Bandoleer's Restaurant & Lounge
120 – 1 Avenue, Canmore, AB, T1W 2T4
This restaurant serves up good Tex-Mex style food and fun from its location in Deadman’s Flats, east of Canmore on Highway 1.
|Cuisine Type |||Mexican, Steakhouse, Tex-Mex|
|Ambiance |||Casual, Theme Restaurant|
|Meals Served |||Dinner|
|Amenities |||Live Entertainment, Local Favorites|
|Payment |||Interac, MasterCard, Visa|
|Getting There |||Next door to the Big Horn Motel in Deadman’s Flats, a few minutes drive east of Canmore on Highway 1|
|Winter hours dinner only Wednesday-Sunday 5PM – Close. Summer hours daily dinner only 5PM – Close. Summer hours usually commence in mid-June. Call to confirm.|
Profile Last Updated: May 01, 2009
The décor at Bandoleer’s brings to mind the warm architectural stylings common in the U.S. southwest and Mexico, with adobe coloured walls, tilework, a fireplace accented with a ceramic mosaic, and candle sconces fixed on the walls. It all fits with the cuisine, which is definitely influenced by the Mexican theme. Here you will find enchiladas, burritos, fajitas, southwest spring rolls, barbecued ribs with chipotle (smoked-dried jalapenos), beans, rice, and other Mexican delights. The food is prepared only when ordered, using fresh ingredients and homemade, from-scratch sauces. All of the meats are cooked slowly to bring out the flavours.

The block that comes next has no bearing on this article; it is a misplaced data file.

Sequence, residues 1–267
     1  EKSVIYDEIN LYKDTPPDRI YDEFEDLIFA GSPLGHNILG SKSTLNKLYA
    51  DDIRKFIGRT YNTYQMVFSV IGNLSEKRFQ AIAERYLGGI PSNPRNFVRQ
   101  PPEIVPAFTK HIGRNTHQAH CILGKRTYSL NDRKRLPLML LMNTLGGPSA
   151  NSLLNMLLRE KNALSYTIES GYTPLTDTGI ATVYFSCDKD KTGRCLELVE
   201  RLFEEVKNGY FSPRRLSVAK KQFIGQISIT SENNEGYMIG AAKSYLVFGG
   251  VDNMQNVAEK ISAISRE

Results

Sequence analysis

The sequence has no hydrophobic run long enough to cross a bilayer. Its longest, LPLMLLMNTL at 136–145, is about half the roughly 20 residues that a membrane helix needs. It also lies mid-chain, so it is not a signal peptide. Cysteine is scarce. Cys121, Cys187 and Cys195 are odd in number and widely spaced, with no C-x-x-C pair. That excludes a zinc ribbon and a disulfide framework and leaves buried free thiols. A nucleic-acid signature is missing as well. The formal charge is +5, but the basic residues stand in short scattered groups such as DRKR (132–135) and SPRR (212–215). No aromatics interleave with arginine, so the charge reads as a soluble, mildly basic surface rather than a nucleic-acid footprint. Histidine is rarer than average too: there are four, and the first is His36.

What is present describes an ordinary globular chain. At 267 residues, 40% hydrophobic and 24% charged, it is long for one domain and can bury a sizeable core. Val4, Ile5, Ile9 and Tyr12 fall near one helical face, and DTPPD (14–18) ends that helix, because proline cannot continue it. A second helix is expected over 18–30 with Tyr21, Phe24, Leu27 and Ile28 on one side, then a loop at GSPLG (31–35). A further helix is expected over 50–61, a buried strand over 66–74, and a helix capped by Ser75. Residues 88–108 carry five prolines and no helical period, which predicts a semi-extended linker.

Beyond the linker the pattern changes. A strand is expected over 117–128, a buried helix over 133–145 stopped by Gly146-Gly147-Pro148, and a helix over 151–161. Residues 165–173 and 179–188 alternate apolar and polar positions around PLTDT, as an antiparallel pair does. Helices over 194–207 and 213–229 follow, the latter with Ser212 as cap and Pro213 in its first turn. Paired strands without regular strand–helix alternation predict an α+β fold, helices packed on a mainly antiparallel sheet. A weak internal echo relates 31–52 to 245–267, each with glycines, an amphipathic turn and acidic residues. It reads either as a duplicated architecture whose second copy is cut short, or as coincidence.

Add Some Jazz and Blues for Spice
On Friday and Saturday nights throughout the year, the owner of the restaurant breaks out his guitar and brings together his trio on the small stage to play jazz, blues, and requests for the patrons. In the summer, other nights are added for live music, and guest artists visit from time to time, so check with the management if you want to be entertained as well as fed. It makes for an evening filled with fun. The live music packs them in, so reservations are recommended.
So What is a Bandoleer?
If you do not know, a bandoleer (also spelled bandolier) is a leather strap with loops to hold bullets, usually worn diagonally across the chest. You have seen them, of course, because they are standard issue props for every mustachioed, sombreroed bandito cliché that ever appeared in a grade B western movie. When asked about the name, the owner replies that it “fits in well in a place called Deadman’s Flats.”